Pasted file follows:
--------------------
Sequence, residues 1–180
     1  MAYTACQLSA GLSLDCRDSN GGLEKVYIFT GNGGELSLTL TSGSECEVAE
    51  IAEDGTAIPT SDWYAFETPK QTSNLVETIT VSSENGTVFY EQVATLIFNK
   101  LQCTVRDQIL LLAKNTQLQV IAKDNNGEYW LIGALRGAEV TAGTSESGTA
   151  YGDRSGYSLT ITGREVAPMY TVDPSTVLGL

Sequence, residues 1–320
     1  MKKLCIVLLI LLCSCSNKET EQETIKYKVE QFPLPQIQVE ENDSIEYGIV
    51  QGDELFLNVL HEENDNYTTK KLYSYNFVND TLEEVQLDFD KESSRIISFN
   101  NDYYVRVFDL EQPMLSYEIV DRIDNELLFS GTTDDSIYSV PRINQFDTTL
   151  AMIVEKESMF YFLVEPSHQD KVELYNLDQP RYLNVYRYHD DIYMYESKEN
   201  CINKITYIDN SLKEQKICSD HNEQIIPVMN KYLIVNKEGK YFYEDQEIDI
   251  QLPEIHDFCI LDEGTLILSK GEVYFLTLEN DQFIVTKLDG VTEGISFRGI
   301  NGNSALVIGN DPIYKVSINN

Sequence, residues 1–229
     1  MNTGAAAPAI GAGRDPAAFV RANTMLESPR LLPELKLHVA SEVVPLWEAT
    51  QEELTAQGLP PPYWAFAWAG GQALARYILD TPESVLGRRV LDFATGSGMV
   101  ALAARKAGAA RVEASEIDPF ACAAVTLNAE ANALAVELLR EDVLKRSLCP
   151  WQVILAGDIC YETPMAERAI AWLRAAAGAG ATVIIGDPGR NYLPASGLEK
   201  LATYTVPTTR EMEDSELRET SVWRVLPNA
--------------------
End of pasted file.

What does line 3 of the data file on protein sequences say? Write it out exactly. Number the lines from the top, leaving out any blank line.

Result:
    51  IAEDGTAIPT SDWYAFETPK QTSNLVETIT VSSENGTVFY EQVATLIFNK